Pixel Envy

Written by Nick Heer.

Vimeo Clarifies Its High-Bandwidth Policy

After several video makers expressed concern over Vimeo’s crackdown on high-bandwidth users, attempting to extract thousands of dollars annually from some with only a week’s notice, Vimeo CEO Anjali Sud today posted an update:

For those who consume large amounts of video bandwidth — repeatedly hitting the bandwidth threshold for Vimeo’s top 1% of users — we have continued to enforce legacy policies that are poorly communicated and that are causing unnecessary friction and anxiety. We have been too slow to act upon user feedback, and as a consequence, have damaged user trust. This pains me greatly, and does not do justice to the passion and hard work of our team. I’d like to offer an apology for this, and more importantly, a solution.

Vimeo says it will set a flat threshold of 2 TB when it will begin billing users based on actual bandwidth used at the higher rate instead of their typical monthly rate. It also says it will notify users when they are about to hit that amount, and that it will give thirty days’ notice rather than seven, which was plainly ridiculous. These are welcome improvements — predictability is good — but it is unclear if users will only be charged extra during months when they exceed 2 TB.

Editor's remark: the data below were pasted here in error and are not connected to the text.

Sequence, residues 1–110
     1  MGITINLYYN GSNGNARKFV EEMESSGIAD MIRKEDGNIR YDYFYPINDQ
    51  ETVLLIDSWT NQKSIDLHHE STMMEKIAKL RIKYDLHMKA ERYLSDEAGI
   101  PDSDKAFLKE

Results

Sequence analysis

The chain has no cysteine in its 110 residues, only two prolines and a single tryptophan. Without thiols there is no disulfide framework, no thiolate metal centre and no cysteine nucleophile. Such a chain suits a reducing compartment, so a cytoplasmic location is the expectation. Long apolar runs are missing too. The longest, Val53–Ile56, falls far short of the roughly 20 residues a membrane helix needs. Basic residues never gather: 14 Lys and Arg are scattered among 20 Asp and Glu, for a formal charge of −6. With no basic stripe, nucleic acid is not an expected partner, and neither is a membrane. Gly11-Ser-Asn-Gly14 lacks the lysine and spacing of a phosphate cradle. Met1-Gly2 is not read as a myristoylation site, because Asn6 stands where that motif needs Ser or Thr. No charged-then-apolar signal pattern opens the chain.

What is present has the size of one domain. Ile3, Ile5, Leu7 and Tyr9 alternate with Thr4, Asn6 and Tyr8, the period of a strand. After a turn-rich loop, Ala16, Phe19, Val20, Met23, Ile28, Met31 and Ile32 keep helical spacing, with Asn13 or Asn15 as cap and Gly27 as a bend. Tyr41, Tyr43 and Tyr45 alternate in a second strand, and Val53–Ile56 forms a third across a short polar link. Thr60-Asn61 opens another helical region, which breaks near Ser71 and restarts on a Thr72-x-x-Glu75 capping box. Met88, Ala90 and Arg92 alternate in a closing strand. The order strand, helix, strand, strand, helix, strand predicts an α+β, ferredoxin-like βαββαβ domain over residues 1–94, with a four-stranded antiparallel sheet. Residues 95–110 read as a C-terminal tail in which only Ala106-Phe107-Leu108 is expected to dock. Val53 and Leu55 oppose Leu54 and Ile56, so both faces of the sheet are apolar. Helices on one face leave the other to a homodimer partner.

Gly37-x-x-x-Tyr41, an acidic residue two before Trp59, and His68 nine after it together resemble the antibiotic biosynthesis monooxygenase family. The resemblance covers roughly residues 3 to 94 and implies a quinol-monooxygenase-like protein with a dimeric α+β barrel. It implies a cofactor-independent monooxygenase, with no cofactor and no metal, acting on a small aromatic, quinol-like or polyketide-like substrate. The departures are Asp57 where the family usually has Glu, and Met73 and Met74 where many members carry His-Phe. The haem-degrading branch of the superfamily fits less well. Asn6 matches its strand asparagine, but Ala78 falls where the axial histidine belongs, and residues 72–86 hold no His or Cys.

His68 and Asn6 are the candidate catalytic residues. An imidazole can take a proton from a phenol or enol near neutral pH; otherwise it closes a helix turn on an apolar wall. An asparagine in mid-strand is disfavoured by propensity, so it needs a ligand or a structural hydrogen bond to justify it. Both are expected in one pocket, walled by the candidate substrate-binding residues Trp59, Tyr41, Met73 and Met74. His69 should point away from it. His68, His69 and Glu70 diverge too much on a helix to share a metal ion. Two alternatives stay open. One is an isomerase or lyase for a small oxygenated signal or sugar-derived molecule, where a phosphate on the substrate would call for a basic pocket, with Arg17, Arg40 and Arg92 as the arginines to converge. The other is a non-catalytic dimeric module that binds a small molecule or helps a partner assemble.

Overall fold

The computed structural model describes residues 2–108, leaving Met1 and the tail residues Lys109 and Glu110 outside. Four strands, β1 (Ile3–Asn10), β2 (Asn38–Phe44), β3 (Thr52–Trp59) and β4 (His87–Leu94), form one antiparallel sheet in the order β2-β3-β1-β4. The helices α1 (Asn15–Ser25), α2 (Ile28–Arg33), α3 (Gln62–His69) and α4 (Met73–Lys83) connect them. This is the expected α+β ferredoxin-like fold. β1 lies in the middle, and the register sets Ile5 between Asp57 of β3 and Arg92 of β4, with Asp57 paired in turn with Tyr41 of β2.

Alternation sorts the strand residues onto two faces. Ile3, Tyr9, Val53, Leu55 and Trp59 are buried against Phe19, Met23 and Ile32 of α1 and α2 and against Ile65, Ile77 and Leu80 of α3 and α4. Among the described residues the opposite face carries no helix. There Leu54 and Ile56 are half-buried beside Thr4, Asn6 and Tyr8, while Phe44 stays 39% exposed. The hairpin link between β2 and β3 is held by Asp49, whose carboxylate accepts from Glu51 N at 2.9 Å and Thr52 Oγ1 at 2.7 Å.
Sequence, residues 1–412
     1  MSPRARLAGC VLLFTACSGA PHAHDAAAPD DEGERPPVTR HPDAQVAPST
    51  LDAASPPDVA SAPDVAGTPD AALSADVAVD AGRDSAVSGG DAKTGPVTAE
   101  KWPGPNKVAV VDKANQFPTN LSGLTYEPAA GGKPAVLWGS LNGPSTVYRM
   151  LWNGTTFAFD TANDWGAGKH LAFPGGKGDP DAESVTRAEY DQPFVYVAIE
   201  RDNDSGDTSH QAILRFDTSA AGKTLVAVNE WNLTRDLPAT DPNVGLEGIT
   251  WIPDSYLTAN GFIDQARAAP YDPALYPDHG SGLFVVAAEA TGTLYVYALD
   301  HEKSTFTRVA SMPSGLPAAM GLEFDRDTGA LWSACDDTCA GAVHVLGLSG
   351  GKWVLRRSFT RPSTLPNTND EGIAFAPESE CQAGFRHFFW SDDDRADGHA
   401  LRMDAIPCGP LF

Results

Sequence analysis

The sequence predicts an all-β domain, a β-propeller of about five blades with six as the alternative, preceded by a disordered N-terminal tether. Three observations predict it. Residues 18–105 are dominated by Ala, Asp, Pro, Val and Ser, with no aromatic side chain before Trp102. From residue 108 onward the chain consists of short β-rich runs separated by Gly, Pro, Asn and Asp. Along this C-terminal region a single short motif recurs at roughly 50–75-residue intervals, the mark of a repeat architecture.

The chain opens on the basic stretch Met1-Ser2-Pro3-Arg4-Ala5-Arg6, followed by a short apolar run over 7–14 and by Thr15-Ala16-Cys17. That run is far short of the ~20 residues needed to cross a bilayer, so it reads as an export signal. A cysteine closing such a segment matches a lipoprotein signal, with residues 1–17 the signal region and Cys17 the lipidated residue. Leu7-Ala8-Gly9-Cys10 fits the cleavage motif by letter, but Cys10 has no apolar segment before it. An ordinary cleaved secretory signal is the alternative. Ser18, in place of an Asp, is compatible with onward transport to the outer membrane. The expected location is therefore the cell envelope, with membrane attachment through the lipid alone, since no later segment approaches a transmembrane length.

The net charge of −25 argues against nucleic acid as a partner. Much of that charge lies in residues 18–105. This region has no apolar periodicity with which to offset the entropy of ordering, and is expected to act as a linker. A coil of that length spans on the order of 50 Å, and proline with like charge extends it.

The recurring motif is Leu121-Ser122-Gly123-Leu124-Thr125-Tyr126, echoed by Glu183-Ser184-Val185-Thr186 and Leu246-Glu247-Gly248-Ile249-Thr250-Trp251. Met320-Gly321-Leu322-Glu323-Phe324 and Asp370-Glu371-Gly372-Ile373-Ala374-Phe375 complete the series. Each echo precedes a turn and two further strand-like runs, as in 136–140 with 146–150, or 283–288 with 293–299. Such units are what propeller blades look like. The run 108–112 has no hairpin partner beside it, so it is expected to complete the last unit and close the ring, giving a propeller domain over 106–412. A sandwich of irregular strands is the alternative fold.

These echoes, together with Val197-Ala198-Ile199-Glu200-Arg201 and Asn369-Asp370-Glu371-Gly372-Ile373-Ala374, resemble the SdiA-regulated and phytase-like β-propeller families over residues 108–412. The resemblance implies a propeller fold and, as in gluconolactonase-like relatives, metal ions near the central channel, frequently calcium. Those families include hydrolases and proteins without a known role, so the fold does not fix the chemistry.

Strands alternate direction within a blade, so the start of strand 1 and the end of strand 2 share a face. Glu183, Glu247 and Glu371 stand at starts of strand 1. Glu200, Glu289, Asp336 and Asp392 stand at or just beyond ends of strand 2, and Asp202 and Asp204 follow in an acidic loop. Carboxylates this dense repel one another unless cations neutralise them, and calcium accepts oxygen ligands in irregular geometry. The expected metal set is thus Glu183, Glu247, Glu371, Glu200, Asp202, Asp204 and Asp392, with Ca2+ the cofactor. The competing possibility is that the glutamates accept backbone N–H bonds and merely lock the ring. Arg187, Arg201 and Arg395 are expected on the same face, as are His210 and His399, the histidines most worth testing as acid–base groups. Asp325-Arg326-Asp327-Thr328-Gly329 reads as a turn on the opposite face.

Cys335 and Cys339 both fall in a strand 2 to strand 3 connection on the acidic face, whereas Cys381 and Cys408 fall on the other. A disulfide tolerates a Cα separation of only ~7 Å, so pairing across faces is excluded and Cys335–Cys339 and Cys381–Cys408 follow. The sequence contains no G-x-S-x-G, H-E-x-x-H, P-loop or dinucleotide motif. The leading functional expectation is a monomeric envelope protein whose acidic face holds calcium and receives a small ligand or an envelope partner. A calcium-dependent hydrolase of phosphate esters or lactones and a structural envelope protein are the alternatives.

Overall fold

Update: My initial read on this was wrong — or, if I am being charitable to myself, unclear. Vimeo is not billing based on actual bandwidth, which I think would make a lot of sense. Instead, these are still the expensive annual plans that users must pay for in a lump sum — I do not understand why Vimeo does not want to bill these on a monthly basis like all the rest of its plans — but the floor is a firm 2 TB instead of the vague “top 1% of users” criteria it used previously. Not great. (Thanks to Andy Baio for the correction.)

Also, this is an interesting change:

We will be rolling out an exemption policy moving forward where creative professionals would not be restricted by the 2TB bandwidth threshold, as long as they aren’t using Vimeo to monetize those videos elsewhere. We will have more details that we’ll share within the next 30 days, and you’ll be able to find that information on our help center.

This will not affect those who use Vimeo through Patreon, since they are charging for video access, but it sounds like it will help those using Vimeo to host a portfolio, for example.